|Titre :||'Zombies', 'cannibals', and 'super humans': a quantitative and qualitative analysis of UK news media reporting of the cathinone psychostimulants labelled 'monkey dust' (2021)|
|Auteurs :||A. M. ATKINSON ; H. SUMNALL|
|Type de document :||Article : Périodique|
|Dans :||Drugs: Education, Prevention and Policy (Vol.28, n°4, August 2021)|
|Article en page(s) :||299-315|
|Discipline :||SHS (Sciences humaines et sociales / Humanities and social sciences)|
Thésaurus TOXIBASECATHINONES ; DROGUES DE SYNTHESE ; MEDIA ; PEUR ; DISCOURS ; REPRESENTATION SOCIALE ; SYMPTOME
Background: News media helps set the agenda for public thinking and policy responses to drugs use, by framing substances, substance use and people who use drugs (PWUD) within a 'drug scare' narrative. Using the example of 'monkey dust', an inconsistently identified set of substituted cathinone psychostimulants, we explored how an emerging drug 'problem' was reported in the UK news media, and what this tells us about prevailing attitudes towards substance use and PWUD.
Methods: A quantitative and qualitative analysis of UK news media (n = 368 articles) representations of 'monkey dust' was conducted, and the underlying discourses identified.
Findings: Monkey dust reporting met the criteria of a drug scare, which was predominantly underpinned by discourses of criminality and legality. An unrepresentative, somewhat distorted, incomplete and simplified account of monkey dust as new and dangerous, and as requiring urgent legislative action, was provided. PWUD were dehumanised, criminalised, and stigmatised and the complexities of use, and responses other than those that fell within the status quo, obscured.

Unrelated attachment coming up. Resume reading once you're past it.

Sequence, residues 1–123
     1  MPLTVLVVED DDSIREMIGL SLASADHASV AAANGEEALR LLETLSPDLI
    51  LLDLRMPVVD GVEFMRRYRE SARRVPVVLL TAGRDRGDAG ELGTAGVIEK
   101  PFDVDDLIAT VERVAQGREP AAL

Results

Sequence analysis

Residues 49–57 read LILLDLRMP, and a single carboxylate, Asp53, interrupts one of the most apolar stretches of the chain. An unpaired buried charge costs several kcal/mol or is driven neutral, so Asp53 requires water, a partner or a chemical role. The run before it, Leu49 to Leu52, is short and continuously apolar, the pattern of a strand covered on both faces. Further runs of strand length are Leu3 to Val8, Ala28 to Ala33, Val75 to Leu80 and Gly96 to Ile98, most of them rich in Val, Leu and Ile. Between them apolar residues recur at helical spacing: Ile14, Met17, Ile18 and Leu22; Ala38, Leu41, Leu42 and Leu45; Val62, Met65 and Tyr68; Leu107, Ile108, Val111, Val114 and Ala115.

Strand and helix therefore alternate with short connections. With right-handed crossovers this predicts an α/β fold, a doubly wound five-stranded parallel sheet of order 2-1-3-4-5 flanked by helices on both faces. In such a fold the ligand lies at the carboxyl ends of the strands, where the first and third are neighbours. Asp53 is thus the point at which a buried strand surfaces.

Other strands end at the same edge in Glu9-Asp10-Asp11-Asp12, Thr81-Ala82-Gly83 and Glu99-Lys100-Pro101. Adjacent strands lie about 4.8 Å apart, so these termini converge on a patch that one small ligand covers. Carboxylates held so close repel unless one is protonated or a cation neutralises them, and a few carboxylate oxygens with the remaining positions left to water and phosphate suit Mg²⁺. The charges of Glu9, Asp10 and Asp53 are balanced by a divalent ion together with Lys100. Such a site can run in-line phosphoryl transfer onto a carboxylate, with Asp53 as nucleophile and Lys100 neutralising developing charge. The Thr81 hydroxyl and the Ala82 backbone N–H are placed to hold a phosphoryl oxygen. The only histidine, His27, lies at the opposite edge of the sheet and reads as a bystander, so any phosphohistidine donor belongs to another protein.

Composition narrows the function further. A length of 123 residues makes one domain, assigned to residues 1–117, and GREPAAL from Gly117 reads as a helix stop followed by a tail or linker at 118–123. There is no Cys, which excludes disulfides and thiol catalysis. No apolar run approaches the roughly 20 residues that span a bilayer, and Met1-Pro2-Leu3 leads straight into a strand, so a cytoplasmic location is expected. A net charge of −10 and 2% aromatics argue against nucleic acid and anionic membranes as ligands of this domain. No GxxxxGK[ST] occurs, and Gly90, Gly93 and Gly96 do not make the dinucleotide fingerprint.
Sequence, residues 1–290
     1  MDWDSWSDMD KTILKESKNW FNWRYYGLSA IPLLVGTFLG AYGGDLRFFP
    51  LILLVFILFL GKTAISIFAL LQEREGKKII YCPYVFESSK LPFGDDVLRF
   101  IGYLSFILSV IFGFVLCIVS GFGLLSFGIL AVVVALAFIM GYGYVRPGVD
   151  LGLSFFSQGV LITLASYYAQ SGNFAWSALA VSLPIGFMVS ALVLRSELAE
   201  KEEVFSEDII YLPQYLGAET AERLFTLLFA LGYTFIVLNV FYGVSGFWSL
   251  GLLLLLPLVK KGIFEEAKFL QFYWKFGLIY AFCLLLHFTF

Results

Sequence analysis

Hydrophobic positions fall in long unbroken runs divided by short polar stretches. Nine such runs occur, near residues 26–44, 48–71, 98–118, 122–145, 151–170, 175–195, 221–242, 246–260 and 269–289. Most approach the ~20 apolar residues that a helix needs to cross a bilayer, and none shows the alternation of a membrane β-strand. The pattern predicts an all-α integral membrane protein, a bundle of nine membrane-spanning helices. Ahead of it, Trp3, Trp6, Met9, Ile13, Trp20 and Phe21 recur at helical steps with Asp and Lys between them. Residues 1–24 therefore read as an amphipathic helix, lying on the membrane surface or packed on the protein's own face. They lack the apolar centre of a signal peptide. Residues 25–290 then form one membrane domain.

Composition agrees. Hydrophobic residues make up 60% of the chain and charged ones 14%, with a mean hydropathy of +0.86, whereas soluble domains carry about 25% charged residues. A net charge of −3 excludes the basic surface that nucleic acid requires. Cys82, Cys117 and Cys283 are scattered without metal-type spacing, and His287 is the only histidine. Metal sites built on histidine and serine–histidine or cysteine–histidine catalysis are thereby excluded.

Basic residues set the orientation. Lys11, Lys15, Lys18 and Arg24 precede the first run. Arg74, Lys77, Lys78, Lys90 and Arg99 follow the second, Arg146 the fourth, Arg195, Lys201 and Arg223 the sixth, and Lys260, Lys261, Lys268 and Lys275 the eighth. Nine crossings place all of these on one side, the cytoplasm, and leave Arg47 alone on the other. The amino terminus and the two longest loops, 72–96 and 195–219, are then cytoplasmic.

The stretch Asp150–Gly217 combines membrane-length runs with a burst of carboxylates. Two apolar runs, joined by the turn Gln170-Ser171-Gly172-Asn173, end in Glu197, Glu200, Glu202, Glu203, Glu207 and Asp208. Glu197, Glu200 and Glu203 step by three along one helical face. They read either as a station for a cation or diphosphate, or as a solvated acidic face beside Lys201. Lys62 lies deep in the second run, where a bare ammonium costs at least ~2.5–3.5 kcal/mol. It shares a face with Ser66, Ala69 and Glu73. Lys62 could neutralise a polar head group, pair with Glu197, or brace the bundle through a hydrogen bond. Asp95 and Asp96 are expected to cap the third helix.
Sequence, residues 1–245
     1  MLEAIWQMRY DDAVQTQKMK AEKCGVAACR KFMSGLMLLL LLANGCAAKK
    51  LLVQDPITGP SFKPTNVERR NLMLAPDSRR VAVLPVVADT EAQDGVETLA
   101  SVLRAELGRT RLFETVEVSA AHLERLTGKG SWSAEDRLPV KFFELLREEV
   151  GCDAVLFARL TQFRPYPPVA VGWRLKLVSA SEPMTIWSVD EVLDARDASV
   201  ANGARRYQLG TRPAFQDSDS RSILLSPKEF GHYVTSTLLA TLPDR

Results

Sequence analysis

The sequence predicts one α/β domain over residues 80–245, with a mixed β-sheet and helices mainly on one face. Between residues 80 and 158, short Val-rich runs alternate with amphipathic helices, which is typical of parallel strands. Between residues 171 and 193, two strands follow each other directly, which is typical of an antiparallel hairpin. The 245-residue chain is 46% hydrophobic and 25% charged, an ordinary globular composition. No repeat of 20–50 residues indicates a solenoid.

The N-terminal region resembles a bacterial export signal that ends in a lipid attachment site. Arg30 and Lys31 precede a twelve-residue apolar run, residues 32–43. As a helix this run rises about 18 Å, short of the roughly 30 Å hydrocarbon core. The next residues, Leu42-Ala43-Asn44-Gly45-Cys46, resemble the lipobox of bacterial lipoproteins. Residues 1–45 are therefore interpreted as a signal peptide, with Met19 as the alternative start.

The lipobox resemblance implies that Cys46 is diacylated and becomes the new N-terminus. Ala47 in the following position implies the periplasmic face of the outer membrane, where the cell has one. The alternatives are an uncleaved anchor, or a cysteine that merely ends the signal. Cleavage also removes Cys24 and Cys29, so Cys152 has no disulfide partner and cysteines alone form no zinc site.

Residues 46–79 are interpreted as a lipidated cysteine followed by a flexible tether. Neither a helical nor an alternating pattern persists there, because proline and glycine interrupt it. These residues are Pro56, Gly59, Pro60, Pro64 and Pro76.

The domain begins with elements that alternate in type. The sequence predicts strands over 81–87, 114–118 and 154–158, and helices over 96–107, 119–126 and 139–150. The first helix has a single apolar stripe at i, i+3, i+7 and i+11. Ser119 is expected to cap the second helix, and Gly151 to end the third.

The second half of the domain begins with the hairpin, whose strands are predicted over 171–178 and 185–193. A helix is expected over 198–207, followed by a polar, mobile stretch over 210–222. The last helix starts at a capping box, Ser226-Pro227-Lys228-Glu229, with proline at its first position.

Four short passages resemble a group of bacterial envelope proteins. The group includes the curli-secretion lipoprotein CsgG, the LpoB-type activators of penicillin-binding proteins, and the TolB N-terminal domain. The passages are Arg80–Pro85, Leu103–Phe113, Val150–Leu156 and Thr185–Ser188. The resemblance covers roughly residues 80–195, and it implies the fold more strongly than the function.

Conclusions: To prevent the negative impact such reporting may have on PWUD, it is important that relevant stakeholders, including advocacy groups, academics, and researchers, work with journalists to change the way drug use and PWUD are reported.
|Domaine :||Drogues illicites / Illicit drugs|
|Affiliation :||Public Health Institute, Faculty of Health and Applied Social Science, Liverpool John Moores University, Liverpool, UK|